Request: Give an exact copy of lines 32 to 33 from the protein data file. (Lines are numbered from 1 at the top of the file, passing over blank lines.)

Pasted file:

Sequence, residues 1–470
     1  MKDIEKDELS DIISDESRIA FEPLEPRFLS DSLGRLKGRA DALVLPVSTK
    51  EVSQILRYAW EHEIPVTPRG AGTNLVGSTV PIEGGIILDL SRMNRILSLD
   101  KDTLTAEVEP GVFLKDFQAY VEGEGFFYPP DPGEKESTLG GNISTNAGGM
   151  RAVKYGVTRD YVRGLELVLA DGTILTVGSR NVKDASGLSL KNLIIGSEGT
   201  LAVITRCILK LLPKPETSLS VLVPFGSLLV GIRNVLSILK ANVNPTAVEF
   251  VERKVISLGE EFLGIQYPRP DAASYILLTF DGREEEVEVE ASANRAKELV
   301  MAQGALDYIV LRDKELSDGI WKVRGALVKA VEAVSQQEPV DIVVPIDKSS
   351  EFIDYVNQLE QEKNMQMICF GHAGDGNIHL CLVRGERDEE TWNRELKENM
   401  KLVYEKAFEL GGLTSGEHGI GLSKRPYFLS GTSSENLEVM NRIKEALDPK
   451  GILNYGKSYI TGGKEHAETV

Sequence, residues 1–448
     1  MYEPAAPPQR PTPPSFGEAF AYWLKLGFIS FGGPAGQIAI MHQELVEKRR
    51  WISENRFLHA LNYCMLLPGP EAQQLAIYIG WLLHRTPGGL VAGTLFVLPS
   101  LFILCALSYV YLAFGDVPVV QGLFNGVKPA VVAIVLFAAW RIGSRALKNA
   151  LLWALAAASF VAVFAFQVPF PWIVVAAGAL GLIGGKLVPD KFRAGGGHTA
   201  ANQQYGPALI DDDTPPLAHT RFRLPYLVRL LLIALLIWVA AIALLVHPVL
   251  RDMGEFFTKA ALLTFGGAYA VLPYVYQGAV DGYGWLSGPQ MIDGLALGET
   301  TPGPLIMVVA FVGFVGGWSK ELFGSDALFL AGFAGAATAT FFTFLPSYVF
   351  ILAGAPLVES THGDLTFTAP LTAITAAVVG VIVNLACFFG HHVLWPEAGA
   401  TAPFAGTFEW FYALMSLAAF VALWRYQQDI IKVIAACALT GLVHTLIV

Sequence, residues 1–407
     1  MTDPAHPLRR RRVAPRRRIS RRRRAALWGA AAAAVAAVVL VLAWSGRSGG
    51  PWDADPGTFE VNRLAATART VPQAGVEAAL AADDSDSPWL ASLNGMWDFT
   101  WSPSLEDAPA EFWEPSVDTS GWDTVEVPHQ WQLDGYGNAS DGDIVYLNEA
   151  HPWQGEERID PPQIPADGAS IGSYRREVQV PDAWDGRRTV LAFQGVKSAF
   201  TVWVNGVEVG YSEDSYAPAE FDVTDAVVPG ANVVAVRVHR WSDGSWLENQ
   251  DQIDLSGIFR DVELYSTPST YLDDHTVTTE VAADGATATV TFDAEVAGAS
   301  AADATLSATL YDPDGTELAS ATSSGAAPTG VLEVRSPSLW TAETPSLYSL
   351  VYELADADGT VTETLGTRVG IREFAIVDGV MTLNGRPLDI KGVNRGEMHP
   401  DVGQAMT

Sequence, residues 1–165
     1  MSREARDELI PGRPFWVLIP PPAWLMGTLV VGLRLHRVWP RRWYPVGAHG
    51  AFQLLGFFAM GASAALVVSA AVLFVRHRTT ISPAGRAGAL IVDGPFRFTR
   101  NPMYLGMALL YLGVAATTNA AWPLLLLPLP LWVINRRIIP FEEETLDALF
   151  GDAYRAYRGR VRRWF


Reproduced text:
Sequence, residues 1–165
     1  MSREARDELI PGRPFWVLIP PPAWLMGTLV VGLRLHRVWP RRWYPVGAHG